Lara Dale was an actress in the 1980s when she got her first big break in a leading role. But that turned into a nightmare when she fled the set after gradually realizing she might be forced into an explicit sex scene. Dale, who now works as a Foley artist, is now a passionate advocate for protecting people on sets. She talks with Megan Kamerick about an initiative to promote sexual harassment training and a hotline through the Rape Crisis Center. 

Marisa Demarco / KUNM

People took to the streets all over the world, around the country and here in New Mexico for a second year of women’s marches. The concerns they raised were broad, including protecting the environment, fighting systemic racism, health care access, police violence and immigration reform. 

Marisa Demarco / KUNM

Women’s marches sprung up for a second year in villages, towns and cities around New Mexico this weekend with a call to vote in the coming elections and change the political climate. While the movement has been criticized nationally for a lack of diversity, Albuquerque’s rally was led by women of color. 

Rashad Mahmood/KUNM

Let's Talk New Mexico 11/30 8a:  This fall’s sexual assault and harassment allegations against big names like Harvey Weinstein and Charlie Rose have sparked new scrutiny of sexual misconduct in the work world. We know women have faced similar behavior in New Mexico - from the Roundhouse in Santa Fe, maybe to your own office. This week we’ll start an ongoing series of conversations about addressing sexual misconduct and what the #MeToo movement means in our state.

Tweet the hashtag #letstalkNM, email letstalk@kunm.org or call in live during the show.

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Sat 4/29, 12p: Do you fear being sexually assaulted? Have you –or somebody you know- been raped? As April is Sexual Assault Awareness Month, on Women´s Focus -hosted by Cristina Baccin-, we´ll talk about how the life of a sexual assault victim is affected. Do you wonder if it is possible to overcome a sexual assault? Who are the most vulnerable? What are the best actions to reduce and ultimately, eliminate sexual assaults? What can we do as a community?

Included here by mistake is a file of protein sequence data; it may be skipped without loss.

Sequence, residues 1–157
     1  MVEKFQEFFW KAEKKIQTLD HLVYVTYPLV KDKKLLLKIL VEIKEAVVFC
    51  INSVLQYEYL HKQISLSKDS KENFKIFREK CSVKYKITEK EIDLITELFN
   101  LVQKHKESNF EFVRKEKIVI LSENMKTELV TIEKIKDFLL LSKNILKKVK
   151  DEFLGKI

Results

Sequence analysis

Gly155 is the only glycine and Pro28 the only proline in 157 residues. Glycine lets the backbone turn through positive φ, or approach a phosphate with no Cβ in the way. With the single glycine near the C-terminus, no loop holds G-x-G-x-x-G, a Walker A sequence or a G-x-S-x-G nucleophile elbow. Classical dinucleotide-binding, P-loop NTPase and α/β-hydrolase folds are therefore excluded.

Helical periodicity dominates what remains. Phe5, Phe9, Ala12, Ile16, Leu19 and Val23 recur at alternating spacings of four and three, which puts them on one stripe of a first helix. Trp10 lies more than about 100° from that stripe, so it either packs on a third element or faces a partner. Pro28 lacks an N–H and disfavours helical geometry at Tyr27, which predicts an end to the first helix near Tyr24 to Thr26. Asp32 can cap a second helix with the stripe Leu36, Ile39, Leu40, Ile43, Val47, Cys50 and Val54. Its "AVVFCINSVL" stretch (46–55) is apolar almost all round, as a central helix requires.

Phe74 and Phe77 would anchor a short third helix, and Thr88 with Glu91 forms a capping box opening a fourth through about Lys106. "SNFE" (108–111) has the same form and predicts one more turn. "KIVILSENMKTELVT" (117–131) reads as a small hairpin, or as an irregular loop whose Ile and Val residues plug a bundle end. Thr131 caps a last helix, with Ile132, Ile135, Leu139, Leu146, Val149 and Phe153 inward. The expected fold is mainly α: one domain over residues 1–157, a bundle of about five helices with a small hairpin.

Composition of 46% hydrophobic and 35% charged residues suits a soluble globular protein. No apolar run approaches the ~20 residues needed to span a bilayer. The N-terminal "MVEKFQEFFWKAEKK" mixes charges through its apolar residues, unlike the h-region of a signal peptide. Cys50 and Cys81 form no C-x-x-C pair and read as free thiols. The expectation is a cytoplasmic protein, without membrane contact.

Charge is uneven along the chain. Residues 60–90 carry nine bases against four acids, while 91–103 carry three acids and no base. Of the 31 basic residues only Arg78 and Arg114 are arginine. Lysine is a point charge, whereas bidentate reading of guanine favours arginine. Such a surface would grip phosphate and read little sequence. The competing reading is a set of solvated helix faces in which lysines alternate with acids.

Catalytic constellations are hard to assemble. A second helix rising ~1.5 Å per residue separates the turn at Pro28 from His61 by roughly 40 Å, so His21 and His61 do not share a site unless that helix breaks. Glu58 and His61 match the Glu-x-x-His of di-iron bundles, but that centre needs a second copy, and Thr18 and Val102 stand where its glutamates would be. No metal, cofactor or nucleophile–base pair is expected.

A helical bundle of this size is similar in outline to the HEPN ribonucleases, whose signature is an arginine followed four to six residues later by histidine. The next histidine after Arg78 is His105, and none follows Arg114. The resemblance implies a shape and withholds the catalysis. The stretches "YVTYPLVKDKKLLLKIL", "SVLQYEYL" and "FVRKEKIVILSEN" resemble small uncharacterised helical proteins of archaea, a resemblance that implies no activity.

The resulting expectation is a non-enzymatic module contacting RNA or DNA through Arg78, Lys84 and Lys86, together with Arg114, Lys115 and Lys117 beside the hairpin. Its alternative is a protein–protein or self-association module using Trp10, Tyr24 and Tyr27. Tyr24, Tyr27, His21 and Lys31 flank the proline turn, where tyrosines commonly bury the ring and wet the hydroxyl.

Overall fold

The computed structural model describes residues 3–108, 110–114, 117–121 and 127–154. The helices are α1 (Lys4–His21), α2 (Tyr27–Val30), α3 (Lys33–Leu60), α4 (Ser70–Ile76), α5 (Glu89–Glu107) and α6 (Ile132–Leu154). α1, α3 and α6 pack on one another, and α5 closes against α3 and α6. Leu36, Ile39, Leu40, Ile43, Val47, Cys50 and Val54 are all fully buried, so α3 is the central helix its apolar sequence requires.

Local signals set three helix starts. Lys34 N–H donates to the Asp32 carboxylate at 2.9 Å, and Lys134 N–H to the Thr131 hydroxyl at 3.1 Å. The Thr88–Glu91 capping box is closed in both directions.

Wolfram Burner via Flickr / Creative Commons License

KUNM Call In Show Thu. 4/27 8a. For years, the University of New Mexico’s been heavily criticized about how it handles sexual assault, and it’s Sexual Assault Awareness Month. This Thursday morning at 8, we’ll be talking about how UNM can do a better job of helping students who’ve been assaulted—and stopping this kind of violence on campus.

Students, we want to hear from you. What needs to change? How can trust be rebuilt between students and the university?

Marisa Demarco / KUNM

It’s been about a year since the Department of Justice released the results of its investigation into how New Mexico’s flagship university handles sexual assault cases. The federal report was heavily critical and said assault and harassment have caused students to leave the University of New Mexico. Last night, students stood in solidarity with survivors.

Marisa Demarco / KUNM

New Mexico has the highest rate of untested sexual assault evidence kits per capita in the nation. We’ve talked to advocates, a nurse and law enforcement about their surprise and struggles with decades of ignored evidence in the state. But even if a prosecutor has DNA to use in court, that doesn’t mean an accused rapist is going straight to jail. The biggest hurdle of all might be how hard it is to convince people that survivors are telling the truth.